Now that you have your total expenses (either the exact amount or £6 per week), you multiply this by your tax rate to determine how much relief you will get. Using the standard £6 per week, this means that those paying the 20% Basic Rate of tax can receive £1.2 per week (£62.4 per year) in tax relief.

How to Claim Work from Home Tax Relief

To claim tax relief for your work-related expenses, you can either:

  • Claim the flat rate of £6 per week. You do not need to keep evidence of your expenses if you claim the flat rate.
  • Claim the actual amount of your expenses. You will need to keep evidence of your expenses, such as receipts, bills, or contracts, if you claim the actual amount.

You can work expense-related tax relief using HMRC’s online portal. If you submit a Self Assessment tax return for any reason, you must claim the relief on your tax return rather than through the online portal.

Deadline for Claiming Work expense Tax Relief

You can claim tax relief for your work-related expenses up to four years after the end of the tax year in which you incurred the expenses. For example, you can claim tax relief for expenses you incurred in the 2022/23 tax year until the end of the 2026/27 tax year. You can of course also claim relief for up to four years previous, meaning you can still claim expenses from the 2019/20 tax year in your 2023/24 tax return.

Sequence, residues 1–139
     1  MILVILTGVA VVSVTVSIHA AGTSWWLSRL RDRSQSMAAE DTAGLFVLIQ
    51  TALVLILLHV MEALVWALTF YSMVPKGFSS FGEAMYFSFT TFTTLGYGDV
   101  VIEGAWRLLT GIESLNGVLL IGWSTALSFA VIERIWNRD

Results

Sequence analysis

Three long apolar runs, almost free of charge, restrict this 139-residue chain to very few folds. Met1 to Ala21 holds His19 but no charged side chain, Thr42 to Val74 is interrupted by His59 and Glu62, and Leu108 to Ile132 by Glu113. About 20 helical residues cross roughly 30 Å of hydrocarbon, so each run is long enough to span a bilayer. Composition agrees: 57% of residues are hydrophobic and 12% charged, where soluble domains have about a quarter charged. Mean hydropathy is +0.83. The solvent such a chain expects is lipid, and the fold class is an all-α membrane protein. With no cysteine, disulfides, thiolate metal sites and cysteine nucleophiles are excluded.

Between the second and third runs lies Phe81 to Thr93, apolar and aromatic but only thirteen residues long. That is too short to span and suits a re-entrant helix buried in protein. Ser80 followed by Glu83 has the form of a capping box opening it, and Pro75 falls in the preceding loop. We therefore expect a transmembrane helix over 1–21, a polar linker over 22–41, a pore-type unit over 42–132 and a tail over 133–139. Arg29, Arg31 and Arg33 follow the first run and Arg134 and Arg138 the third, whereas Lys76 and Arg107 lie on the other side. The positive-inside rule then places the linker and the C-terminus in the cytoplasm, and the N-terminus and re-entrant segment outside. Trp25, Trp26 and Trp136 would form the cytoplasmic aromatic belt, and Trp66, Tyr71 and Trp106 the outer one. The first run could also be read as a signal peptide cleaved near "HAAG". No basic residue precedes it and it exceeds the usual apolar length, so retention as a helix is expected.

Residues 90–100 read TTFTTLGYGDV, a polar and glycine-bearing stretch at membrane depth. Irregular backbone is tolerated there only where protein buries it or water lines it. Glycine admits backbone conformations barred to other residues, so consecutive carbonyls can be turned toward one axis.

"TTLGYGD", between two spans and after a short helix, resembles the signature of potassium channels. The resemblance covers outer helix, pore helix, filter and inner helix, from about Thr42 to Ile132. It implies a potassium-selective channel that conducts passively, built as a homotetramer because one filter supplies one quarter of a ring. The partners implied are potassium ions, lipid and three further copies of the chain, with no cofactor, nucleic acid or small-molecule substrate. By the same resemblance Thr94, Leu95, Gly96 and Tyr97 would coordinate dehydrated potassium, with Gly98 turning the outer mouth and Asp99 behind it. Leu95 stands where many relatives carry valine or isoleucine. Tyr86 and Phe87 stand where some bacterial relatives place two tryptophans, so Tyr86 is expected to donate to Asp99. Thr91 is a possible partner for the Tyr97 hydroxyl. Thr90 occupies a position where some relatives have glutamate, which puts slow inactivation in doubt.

Need Assistance from an Accountant?

We’d be more than happy to help you with your accounting needs in London, or anywhere else in the UK!

Reach out to us by completing this form and one of our staff members will get in touch within one business day. 


Wimbledon Accountant